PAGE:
George Joseph Cons was a dreamer. He was a man who said NO to combat during WWI. As you might imagine, that did not go over well and he was sent to prison for awhile, a farm prison where he grew food for the war effort. When it was all over he was not the favorite candidate for a teaching job in many districts but he made his way through the patriotic pettiness and ended up at Goldsmiths College University of London.

Postman As Curriculum

There he went into neighborhood schools where the children of working people were enrolled and brought the immediate community into classrooms. Students met their parents and their neighbors in an entirely heightened light. Suddenly the postman, a dustman, a sewer man or a fireman became the subject for intense and respected study. No one was ashamed to say, “My Mum is a washerwoman.” That mother was standing at the front of the class delivering a lecture and fielding questions on the business of send out laundry.

G.J. Cons and Catherine Fletcher wrote a book about their educational experiment and entitled it, ACTUALITY IN SCHOOL. A favorite section is the Q&A session with Mr. W. the local postman. It went something like this.

Please sir, when you’re going up the street and can’t see the numbers, what do you do? We have a little electric lamp which we switch on when we need to.

There is a man who lives in Palestine, who’s a great friend of my father and my father sends him letters. How would he get them? They would be sorted at the office and put into the “foreign section” of the General Post Office. There, there are sorting boxes for all parts of the world. Your father’s letter is put in the Palestine division.

Not only did this classroom meet with their postman, they also visited the sorting office where he worked. At age 9 and 10 they stayed in that area for over one hour, curious about and interested in all that transpired. On two different Thursday afternoons these youth boarded the city tram and arrived at the G.P.O. St. Martin Lee Grand for a proper look-see. As many of us have experienced as center city teachers, these kids had no idea that the big river running right before their eyes was a tributary known as The Thames. A free tram opened their lives up to an entirely new waterway subject of study which they could share with their impoverished families on a weekend jaunt.

Cons got hold of some documentary films to further expand post office investigations. One of his favorites was entitled “Night Mail”. Porters at Crewe are seen slinging giant mailbags into the train. The train steams through the Midlands, past factories and across the lowlands of Scotland, finally arriving in the misty morning at Edinburgh filled with letters and parcels of all description. Very visual.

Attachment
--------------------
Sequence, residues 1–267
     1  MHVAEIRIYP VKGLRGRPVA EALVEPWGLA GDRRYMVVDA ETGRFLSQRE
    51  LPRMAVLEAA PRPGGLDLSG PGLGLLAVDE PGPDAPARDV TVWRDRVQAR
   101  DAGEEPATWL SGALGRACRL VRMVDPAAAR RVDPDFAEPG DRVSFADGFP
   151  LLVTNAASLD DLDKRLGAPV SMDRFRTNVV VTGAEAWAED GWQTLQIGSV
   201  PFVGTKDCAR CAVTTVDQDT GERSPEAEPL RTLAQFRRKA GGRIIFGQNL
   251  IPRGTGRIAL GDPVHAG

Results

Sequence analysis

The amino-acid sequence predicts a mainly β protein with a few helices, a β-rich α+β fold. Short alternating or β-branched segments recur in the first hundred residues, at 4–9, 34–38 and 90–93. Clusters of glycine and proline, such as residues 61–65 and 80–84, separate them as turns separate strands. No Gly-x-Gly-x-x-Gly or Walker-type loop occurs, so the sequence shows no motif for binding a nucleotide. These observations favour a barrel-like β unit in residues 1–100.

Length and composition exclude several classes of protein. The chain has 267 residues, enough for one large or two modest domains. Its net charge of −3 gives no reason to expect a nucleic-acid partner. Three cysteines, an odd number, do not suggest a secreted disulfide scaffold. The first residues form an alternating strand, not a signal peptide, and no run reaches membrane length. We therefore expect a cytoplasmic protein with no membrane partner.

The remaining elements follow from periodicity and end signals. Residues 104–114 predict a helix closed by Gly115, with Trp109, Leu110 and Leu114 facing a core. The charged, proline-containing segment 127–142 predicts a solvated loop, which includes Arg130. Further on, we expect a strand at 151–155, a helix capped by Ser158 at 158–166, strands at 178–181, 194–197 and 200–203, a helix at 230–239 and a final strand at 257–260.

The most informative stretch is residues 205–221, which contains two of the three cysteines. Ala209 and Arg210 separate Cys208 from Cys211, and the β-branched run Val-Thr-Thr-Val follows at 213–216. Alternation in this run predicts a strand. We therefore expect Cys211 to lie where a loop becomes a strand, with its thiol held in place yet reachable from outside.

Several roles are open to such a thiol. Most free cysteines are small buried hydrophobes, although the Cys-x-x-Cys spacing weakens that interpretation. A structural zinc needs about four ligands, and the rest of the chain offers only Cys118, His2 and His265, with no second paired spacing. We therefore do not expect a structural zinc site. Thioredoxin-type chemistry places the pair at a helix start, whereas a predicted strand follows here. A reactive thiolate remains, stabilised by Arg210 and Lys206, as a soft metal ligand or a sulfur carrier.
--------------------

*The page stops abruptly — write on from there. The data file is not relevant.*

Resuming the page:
But Mr. Cons and Ms. Fletcher were after something much more important than a deep, cognitive understanding of the postal system. As a man who said NO to war, he was a lover of peace, community, prosperity and sympathy. Yes, sympathy or empathy or whatever else one might call it. He wanted the children and their teacher to see that the postman lived a life of drama, holding his breath until a parcel recipient made it to the front door in time for a hand-off. Dashing into the shelter of a building, a tree or a storefront just as a drenching rain broke out. Losing a registered letter full of money and having to solve the mystery of where it went and how to retrieve it. This postman was a man of intelligence and energy and bravery and as a result of this big group inquiry, the world was once again endowed with delight, value and significance.

This is what real teachers do. They use curriculum to develop civic consciousness. They broaden individual worlds so people feel alive and excited in their place of existence. No one sleep walks through life or bounces about in a cocoon, careening off others, believing they are the only ones in the universe. No caste system is erected or maintained in which postmen and trash men and sewer men or washerwoman or lunchroom woman don’t count as citizens or as intellects. What we do matters and other human beings matter and we are the better for it, all thanks to a real teacher.

We do not stand back and watch a monster walk into the White House, claiming it as his own simply because he feels the need for power. We do not permit tyranny to run rampant like a contagious infection through a populace, filling them with fear and frustration. We need smart, active citizenship and this is how George Joseph Cons envisioned it happening in schools.